Japanese Drums Make The Earth Move At The DFP

With a majestic drum roll and a succession of grand fanfares, Kevin Field, Associate Conductor of the Malaysian Philharmonic Orchestra, signaled the beginning of the evening’s encounter between East and West. Performing with renowned Wadaiko (Japanese drums) soloist, Eitetsu Hayashi, in a series of three concerts from 22-24 March at the Dewan Filharmonik Petronas, the MPO showed their versatility in playing some of the unique pieces selected by Field, who holds a special liking for contemporary music.

Making his debut here, Hayashi is the first Wadaiko soloist of his kind and has gone a step further by creating a new method of solo “O-Daiko” performances that incorporates highly strenuous movements and skills heretofore unheard of in traditional Japanese Wadaiko techniques.

His Taiko career began as a founding member and premiere performer of world-renowned groups “Sado­ Ondekoza” and “Kodo”. Hayashi struck out on his own in 1982 and has emerged as a top-rate virtuoso in his own right, performing with the world’s finest orchestras including the Boston Symphony Orchestra under conductor Seiji Ozawa as well as the Berlin Philharmonic Orchestra with conductor Ken Nagano.

Besides orchestral performances, Hayashi has also produced artistic events in Japan, composed music for film, theatre and other Taiko groups, and tried his hand at writing, with a successful book entitled To The Taiko Players of Tomorrow (Ashita no Taiko-uchi e) to his credit. In 1997, he received the prestigious Japanese national cultural award, The 47th Education Minister’s Art Encouragement Prize in the Popular Entertainment Division, and last year, was given the 8th Award for Promotion of Traditional Japanese Culture (Japan Arts Foundation).

The term Wadaiko (literally “Japanese drum”) is often used when referring to Japanese drums as opposed to Western percussion. Taiko, on the other hand, is a term coined for the relatively modern art of Japanese drum performances (kumi-daiko). It is also the name for the instruments, regardless of their size and shape. In traditional performances, each taiko is used in very specific ways and in certain combinations of instruments, but modern kumi-daiko groups do not suffer such restrictions. Taiko selection is based on the style of Taiko music you are playing as well as personal style. And Hayashi brought along with him a whopping seven tons of taiko to give Malaysian concertgoers a taste of Japanese culture.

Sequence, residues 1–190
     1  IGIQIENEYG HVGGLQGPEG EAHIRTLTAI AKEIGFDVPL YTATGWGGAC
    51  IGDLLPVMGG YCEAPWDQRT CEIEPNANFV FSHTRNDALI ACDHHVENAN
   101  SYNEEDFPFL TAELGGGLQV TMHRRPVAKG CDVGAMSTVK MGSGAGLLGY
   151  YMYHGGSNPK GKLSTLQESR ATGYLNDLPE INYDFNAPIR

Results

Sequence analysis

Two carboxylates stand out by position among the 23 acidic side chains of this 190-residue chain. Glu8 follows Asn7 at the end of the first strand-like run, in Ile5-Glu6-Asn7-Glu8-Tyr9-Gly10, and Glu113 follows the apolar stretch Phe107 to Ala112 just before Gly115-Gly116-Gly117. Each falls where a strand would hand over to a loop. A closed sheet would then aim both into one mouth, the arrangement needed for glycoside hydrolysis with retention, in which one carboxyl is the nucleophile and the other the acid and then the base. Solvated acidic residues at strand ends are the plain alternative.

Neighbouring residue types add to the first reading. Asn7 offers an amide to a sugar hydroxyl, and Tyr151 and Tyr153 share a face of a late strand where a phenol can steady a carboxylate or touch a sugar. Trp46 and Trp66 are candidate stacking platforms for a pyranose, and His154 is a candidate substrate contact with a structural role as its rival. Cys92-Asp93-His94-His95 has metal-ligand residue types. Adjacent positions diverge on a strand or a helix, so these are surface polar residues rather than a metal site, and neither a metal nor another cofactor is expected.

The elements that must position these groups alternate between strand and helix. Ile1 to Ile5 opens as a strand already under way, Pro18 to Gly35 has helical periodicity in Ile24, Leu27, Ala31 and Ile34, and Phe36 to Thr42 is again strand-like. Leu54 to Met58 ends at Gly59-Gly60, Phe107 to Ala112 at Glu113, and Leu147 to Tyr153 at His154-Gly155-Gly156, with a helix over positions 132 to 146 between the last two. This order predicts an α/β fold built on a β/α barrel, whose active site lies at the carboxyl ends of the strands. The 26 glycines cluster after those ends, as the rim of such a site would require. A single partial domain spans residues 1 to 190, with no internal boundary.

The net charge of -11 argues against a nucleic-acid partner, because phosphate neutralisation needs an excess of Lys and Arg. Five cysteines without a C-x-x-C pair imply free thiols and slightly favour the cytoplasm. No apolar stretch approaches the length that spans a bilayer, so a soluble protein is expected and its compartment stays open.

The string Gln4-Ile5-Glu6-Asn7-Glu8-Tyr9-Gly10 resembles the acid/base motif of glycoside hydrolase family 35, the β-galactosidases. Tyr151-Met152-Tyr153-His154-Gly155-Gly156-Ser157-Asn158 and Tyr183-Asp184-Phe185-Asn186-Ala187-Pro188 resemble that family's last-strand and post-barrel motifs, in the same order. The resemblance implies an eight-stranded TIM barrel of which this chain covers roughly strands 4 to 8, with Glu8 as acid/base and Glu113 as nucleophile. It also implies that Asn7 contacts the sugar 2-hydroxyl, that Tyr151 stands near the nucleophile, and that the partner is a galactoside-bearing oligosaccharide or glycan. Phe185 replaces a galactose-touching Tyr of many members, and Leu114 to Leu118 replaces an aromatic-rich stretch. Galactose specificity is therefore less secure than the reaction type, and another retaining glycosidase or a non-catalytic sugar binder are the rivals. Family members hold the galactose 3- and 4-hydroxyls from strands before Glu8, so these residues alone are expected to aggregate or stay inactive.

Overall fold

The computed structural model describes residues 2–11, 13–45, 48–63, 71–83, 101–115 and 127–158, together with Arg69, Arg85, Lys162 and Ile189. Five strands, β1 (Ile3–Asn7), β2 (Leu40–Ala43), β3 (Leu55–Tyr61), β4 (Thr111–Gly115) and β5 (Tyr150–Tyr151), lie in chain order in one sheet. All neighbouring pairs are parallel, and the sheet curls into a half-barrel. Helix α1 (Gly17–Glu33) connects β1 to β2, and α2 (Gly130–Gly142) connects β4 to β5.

The audience was greeted by the soft rumblings of the imposing taiko set on stage as Hayashi, dressed in traditional Japanese garb, deftly maneuvered his way around lsao Matsushita’s Hi-Ten-Yu (fly-heaven-play) – symbolically describing the journey of “flying to heaven to play among the stars”. The first part featured rumblings akin to an approaching storm that broke into loud thunderclaps, all accompanied by the rest of the orchestra in an ominous underscore. The drumming worked its way up into a frenzy and it was amazing to witness the almost unflagging energy emanating from this extraordinary musician. In the second part, which was played sans orchestra, Hayashi’s playing took on a tribal feel while the final part took off with a forceful shout from the orchestra and proceeded to build into the mesmerising crescendo that brought rapturous applause from the audience. He returned a short while later to play an equally stunning solo encore.

Benjamin Britten’s The Prince of the Pagodas (Op.57)- Concert Suite gave the evening a touch of South East Asia. Inspired by his experiences on the island of Bali, Britten composed this piece as a tribute to the hypnotic rhythms of Balinese Gamelan music, with Western percussion instruments taking the place of traditional Gamelan instruments. The MPO ably kept up with the various musical styles that made up this piece, from a robust Russian dance to a caricaturish European-inspired tune to African tribal rhythms, climaxing with the mysterious Gamelan.

Unfortunately, the rather strange choice of William Walton’s Symphony No.1 in B Flat Minor did not seem to gel with the evening’s Oriental feel. Perhaps the choice was made due to the fact that it was performed after the intermission. The composition ran the gamut of human emotions – starting off melancholic, progressing to anger, then tumbling into despair before climbing out of the pits of depression to a celebratory conclusion – all brought to life by the musicians of the MPO.

First Published: 02.04.2002 on Kakiseni

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